One of the best parts about living in Durham is that I can use it as a home base to explore so many places I’ve never been before. One of those places was the oldest city in South Carolina: Charleston.
When we drove into the city, I honestly had no expectations. Classmates had told me the it was beautiful, but I had never seen a movie or read a book that took place in Charleston, and really had seen few if any photographs. Still, the mystery excited me and I deliberately refrained from any Google searches before the day to visit arrived. Since I had done no background research, I was instantly amazed when we turned down the narrow streets of the historic district. Located right on the water, the houses were ornate, colorful, and possessed gardens full of flowers and character. It seemed like every other house had a small plaque near the front door proclaiming its 18th century construction date or the name of a famous inhabitant. Many of the buildings had the large white porches characteristic of southern homes, or balconies that sat looking out over the street and to the sea beyond.
We walked along the path bordering the water, and my friend, who had lived in Charleston for years before coming to Duke, pointed out the old fort, the most famous houses, and the dolphins swimming and splashing their tails. I haven’t seen many dolphins in my life, so I became as giddy as a kid when I saw their gray, sleek forms rising and falling beneath the waves.
Though I loved the historic streets, I think Charleston really should be seen from the water. The weather was calm and mild, so my friends and I took a sailboat ride out into the harbor. Now, I literally know nothing about sailing. Put me out there with a boat and some directions and I would have to helplessly drift towards shore rather than attempt to figure out “port” or “starboard” or any one of the other sailing terms that mean nothing to me. Though I don’t know how to do it, after our evening sail I can definitely say I appreciate it. Perhaps my ignorance even enhanced my enjoyment of the trip, as I was not expected to do anything more than stay out of the way of the more competent sailors on board.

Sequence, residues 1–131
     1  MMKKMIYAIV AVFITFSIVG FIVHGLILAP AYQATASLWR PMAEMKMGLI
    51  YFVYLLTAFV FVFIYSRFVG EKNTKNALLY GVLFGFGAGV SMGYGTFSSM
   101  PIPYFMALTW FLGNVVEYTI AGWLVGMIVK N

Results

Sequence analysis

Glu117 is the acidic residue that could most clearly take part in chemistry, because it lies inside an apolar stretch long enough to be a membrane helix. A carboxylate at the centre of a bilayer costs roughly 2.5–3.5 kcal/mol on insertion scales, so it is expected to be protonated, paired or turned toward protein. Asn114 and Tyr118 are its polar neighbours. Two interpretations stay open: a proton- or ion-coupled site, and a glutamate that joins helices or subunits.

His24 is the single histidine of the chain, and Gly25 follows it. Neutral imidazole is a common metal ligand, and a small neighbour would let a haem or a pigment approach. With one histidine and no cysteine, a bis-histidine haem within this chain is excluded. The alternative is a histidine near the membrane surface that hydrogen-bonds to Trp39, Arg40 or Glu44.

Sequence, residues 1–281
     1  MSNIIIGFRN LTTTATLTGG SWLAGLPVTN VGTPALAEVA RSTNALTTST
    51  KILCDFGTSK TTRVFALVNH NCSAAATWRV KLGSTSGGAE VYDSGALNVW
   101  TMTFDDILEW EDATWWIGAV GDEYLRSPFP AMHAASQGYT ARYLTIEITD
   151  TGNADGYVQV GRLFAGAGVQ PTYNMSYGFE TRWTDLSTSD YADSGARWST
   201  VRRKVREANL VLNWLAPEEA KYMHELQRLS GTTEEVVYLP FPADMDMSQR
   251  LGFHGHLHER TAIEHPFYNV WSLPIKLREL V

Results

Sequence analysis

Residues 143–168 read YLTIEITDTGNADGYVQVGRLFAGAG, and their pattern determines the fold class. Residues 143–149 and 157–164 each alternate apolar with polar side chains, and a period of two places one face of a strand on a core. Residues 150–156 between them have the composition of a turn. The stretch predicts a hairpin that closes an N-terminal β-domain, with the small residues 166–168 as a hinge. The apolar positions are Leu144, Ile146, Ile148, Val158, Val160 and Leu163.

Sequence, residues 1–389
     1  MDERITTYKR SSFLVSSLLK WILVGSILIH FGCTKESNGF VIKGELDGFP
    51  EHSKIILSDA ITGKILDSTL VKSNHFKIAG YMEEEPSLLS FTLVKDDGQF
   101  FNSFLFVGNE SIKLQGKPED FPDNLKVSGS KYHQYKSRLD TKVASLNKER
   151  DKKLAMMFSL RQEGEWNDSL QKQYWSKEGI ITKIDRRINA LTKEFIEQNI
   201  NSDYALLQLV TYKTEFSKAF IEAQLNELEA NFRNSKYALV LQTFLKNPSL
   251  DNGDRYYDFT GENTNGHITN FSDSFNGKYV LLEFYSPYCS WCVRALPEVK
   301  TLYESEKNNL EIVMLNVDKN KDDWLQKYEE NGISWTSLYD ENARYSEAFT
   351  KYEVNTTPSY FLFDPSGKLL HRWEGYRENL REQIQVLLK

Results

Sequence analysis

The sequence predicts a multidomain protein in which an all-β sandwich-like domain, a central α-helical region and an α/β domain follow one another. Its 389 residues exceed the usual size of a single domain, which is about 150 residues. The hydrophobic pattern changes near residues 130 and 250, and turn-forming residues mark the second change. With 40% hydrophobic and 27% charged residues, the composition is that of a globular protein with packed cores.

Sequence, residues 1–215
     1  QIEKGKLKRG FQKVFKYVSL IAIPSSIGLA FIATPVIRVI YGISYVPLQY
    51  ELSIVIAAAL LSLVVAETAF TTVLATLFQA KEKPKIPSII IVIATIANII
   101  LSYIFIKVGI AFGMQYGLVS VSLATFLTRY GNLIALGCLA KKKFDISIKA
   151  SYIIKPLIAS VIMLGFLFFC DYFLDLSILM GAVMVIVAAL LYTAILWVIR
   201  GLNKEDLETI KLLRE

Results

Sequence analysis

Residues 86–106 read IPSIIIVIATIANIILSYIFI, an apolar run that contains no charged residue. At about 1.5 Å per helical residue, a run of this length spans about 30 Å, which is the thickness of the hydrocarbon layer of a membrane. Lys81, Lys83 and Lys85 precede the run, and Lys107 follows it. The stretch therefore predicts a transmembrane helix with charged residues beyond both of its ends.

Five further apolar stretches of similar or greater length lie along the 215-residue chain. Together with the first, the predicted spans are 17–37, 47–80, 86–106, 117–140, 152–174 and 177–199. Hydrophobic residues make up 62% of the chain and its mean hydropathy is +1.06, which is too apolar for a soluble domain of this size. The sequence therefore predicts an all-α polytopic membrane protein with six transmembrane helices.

As we headed away from the marina we passed more dolphins, plus sunning Double-crested Cormorants and the occasional Horned Grebe pair fishing far below the surface. From the boat we could see the many houses along the coastline, painted those cheery yellow, blue, and pink pastel colors. The streets were dotted here and there with the palm trees that gave the whole city a rather Mediterranean feel. We turned back just as the sunset turned a brilliant orange and red, planting the seed in my mind that Charleston just might be perfect.
The food convinced me. Sunday morning we had brunch at Poogan’s Porch, a popular restaurant made famous by stories that it is actually haunted by the ghost of a small dog. I took one look at the menu and knew instantly what I would order: chicken and waffles. Two years ago I would have laughed in your face if you tried to tell me that one day my favorite brunch dish would be syrup covered protein stacked on a huge waffle. My friends who haven’t tried it look at me with a bemused, yet grossed out expression when I explain how delicious the sweet syrup is on top of the battered chicken tenders, how it all just works. Eventually I just tell them that they have to try it for themselves – I know I’m glad that I did! Though I could have gotten more adventurous with the menu – they were serving alligator bites – I at least could try famous Charleston cheesy grits. Buttery, cheesy, what could be better?
It’s true, I was only in Charleston for about 20 hours, not enough time to witness the not-so-good side that every city has. Still, I was entranced, and I am looking forward to another trip to this southern city.